The set, moulded in Alpine Miniatures’ traditional light grey coloured resin, comes in a kit form consisting of a total of fifteen (15) pieces. The kit is packaged in a small, clear acetate box with each figure’s parts inside its own small zip-lock bag. A small card displaying the painted set of figures, as well as the individual figures is supplied.
Figure 35081 German Infantry Officer consists of the following eight (8) parts:Full figure, excluding head and arms;
Left and right arms, excluding hands;
Left and right hands holding binoculars;
Luger P08 pistol holster;
M1935 map case;
Head wearing M1935 helmet without camouflage cover; and
Head wearing M1935 helmet with camouflage cover.
Figure 35082 German Infantry NCO consists of the following seven (7) parts: Full figure, excluding head and arms;
Full left and upper right arms;
M1931 water bottle;
Mauser 98k with lower right arm;
Head wearing M1935 helmet; and
Head wearing M1934 enlisted mans’ Feldmütze field cap.
Overall the figures are well sculpted, and as we have become accustomed to from Alpine Miniatures, the casting is crisp and clean.
The heads are all well-sculpted, and both faces in the twosome match in terms of facial details – it is merely the headdress that differentiates the pairs. The faces are cleanly sculpted and well defined, with well-textured hair visible under the headgear of the Feldmütze wearing head. The headgear is well proportioned and nicely detailed – although I must admit to being 100% certain if the helmets are M1935 or M1940 given the manner in which the ventilation holes are represented, and thus I have referred to it as being the former. The casting blocks are positioned under the neck for one head for the covered helmeted and Feldmütze heads, so modellers can effortlessly remove these without fear of damaging any detail. The uncovered helmeted heads have the casting blocks positioned on the helmet, so caution should be practiced when removing these.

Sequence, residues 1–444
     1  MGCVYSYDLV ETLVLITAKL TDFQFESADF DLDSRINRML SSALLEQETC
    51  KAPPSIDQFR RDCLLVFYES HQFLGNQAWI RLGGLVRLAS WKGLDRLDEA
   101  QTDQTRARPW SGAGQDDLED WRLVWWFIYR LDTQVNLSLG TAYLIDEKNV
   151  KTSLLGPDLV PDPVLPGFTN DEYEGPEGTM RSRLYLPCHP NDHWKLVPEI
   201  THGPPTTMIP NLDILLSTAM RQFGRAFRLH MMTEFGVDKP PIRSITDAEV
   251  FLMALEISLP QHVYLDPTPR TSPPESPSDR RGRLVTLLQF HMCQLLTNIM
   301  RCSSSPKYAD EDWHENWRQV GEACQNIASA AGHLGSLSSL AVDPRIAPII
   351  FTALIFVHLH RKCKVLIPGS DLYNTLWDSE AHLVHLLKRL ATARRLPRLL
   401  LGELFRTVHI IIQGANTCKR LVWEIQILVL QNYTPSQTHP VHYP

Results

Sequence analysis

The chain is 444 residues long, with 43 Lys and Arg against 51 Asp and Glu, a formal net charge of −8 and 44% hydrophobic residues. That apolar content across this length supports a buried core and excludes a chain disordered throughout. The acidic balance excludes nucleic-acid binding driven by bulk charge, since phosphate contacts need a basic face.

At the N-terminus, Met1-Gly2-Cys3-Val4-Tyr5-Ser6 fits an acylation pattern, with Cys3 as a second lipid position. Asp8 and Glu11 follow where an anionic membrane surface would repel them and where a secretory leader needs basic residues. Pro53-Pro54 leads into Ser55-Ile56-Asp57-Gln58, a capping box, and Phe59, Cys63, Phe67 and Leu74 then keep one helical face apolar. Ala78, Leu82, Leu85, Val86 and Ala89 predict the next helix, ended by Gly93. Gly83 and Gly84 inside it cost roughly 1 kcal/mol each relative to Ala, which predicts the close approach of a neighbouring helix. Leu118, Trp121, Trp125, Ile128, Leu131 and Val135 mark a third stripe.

The figures proper are well detailed and one gets a very good idea of the fit of the early field tunic, and the officers’ breeches and other ranks trousers. Folds gather realistically for the materials portrayed. All the finer details such as shoulder and collar insignia, belt buckles, and binoculars are well detailed and very crisply and clearly cast. Recesses are provided for placement of the officer’s holster, on the left hip. 35081’s right upper thigh also features a rectangular locating recess for the document case, while 35082’s bread-bag has a long locating recess for the placement of the water bottle.
Casting is as one always expects from an Alpine figure: clean and crisp, with the only clean up being the usual minuscule amount of flash between the legs of figure 35081 German Infantry Officer. As per usual the casting blocks beneath the feet have been cut away and no more than a quick clean-up is required.
35081’s arms, hands and binoculars, M1935 report/map case and pistol holster, as with the rest of the figure, are well detailed and cast. The arms have small notches in various positions which facilitate a snug fit to the body as well as equipment. The casting blocks are located on the outer elbows of the arms, wrists for the hands/binoculars and at the top of the holster and map case. Other than very fine seams running along the top of the hands from the thumb to wrist, an understandable seam given the nature of the part, the parts are free of casting seams.